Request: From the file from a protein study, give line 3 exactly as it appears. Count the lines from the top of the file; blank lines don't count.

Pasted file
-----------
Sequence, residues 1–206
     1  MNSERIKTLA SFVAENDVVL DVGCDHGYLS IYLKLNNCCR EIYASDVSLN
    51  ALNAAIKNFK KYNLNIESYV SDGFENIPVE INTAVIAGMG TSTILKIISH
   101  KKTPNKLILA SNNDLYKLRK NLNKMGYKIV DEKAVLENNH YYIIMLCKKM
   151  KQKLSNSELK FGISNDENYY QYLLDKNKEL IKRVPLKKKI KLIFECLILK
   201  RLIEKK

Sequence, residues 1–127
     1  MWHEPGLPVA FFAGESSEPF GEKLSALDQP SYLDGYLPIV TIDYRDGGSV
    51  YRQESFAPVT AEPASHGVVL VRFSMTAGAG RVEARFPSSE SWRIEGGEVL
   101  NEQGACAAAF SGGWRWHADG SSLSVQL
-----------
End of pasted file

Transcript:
    51  ALNAAIKNFK KYNLNIESYV SDGFENIPVE INTAVIAGMG TSTILKIISH